8 doctors weighed in:

Can naltrexone cause liver damage?

8 doctors weighed in
Dr. Jeff Blixt
Addiction Medicine
3 doctors agree

In brief: Yes

There is a risk of liver damage, this risk is increased with preexisting liver problems or very high doses of the med.
Usually your doctor will make that assessment and monitor your liver enzymes before and while you are on it. Properly monitored the risk is low.

In brief: Yes

There is a risk of liver damage, this risk is increased with preexisting liver problems or very high doses of the med.
Usually your doctor will make that assessment and monitor your liver enzymes before and while you are on it. Properly monitored the risk is low.
Dr. Jeff Blixt
Dr. Jeff Blixt
Thank
Dr. Mark Shukhman
Addiction Medicine
1 doctor agrees

In brief: Generally, no

as far as I know, liver problems were even removed from the package insert.
It happened in high doses: 300 – 400 mg per day. The patients who had problems were also taking other medications. My answer is to the best of my knowledge. Of course, from the medical legal standpoint I have to tell you that you have to follow the information on the package insert. What are taking naltrexone for?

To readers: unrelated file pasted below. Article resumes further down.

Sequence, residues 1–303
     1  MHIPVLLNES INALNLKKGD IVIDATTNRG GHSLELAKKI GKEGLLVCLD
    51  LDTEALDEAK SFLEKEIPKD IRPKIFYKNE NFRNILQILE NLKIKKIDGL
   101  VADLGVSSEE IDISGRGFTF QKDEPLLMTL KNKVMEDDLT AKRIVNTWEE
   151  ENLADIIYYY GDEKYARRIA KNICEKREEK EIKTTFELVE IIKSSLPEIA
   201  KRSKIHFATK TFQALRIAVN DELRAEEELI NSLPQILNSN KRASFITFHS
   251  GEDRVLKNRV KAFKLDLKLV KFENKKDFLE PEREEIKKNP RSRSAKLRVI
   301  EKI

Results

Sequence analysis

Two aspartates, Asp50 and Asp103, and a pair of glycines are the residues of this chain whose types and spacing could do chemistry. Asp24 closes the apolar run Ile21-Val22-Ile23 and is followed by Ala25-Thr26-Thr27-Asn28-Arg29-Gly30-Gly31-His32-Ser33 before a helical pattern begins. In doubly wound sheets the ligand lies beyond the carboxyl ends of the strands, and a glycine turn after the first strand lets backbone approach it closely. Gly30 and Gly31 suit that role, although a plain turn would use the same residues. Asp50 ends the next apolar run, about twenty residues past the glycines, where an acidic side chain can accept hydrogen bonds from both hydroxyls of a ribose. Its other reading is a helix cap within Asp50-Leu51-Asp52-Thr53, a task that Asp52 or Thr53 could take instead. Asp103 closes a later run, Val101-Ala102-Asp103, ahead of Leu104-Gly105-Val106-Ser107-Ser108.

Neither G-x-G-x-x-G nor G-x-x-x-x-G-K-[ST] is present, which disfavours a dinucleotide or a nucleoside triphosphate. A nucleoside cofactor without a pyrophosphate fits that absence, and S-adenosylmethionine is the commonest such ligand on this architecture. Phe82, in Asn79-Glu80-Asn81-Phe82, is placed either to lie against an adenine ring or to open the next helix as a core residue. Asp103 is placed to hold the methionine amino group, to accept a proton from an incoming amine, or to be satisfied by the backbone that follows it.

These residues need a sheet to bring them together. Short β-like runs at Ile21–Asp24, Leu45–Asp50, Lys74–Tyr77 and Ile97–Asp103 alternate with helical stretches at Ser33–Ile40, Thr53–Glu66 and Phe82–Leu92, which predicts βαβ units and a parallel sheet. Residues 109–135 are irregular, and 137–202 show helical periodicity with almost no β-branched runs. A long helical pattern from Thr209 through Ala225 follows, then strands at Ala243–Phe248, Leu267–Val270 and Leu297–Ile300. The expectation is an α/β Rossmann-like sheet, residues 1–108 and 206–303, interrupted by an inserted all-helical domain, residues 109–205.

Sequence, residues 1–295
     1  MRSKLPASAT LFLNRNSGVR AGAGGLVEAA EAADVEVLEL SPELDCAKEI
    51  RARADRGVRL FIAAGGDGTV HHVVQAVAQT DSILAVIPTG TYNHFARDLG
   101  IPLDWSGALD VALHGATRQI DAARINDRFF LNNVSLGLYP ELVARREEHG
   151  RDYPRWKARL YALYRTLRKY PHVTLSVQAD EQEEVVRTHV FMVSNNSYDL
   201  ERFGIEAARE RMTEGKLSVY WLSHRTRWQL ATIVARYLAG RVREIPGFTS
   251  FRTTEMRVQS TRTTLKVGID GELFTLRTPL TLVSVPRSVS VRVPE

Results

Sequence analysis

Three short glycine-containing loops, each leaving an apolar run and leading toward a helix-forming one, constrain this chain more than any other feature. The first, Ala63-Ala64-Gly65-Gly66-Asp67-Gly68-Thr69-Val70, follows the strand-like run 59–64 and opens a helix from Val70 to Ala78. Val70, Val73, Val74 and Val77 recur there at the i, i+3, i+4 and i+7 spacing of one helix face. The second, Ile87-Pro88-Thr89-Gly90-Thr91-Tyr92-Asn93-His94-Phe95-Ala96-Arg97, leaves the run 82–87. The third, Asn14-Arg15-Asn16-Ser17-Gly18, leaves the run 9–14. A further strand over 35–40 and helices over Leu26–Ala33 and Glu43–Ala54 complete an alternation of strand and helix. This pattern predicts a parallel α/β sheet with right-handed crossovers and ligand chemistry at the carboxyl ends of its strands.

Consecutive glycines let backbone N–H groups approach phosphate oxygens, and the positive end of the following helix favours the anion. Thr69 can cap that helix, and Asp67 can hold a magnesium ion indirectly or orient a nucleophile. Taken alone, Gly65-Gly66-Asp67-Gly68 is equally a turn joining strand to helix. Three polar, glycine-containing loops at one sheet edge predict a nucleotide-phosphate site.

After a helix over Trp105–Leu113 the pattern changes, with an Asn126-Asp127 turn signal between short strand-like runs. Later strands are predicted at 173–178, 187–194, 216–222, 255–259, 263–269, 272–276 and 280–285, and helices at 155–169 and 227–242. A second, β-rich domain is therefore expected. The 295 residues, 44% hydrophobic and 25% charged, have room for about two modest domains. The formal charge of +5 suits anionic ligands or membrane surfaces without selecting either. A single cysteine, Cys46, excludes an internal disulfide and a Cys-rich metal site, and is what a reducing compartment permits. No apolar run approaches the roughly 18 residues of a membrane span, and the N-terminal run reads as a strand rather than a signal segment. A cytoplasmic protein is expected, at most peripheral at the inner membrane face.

In brief: Generally, no

as far as I know, liver problems were even removed from the package insert.
It happened in high doses: 300 – 400 mg per day. The patients who had problems were also taking other medications. My answer is to the best of my knowledge. Of course, from the medical legal standpoint I have to tell you that you have to follow the information on the package insert. What are taking naltrexone for?
Dr. Mark Shukhman
Dr. Mark Shukhman
Thank
Dr. Mark Reynolds
Psychiatry
1 doctor agrees

In brief: Rarely

It is my understanding that the elevations in liver enzymes reported with Naltrexone primarily occurred in trials done for eating disorders/obesity.
In these trials the medication was being tested up to 350 mg daily, 7x the usual dose. The likelihood of any significant adverse event involving the liver at commonly prescribed doses is very, very low.

In brief: Rarely

It is my understanding that the elevations in liver enzymes reported with Naltrexone primarily occurred in trials done for eating disorders/obesity.
In these trials the medication was being tested up to 350 mg daily, 7x the usual dose. The likelihood of any significant adverse event involving the liver at commonly prescribed doses is very, very low.
Dr. Mark Reynolds
Dr. Mark Reynolds
Thank
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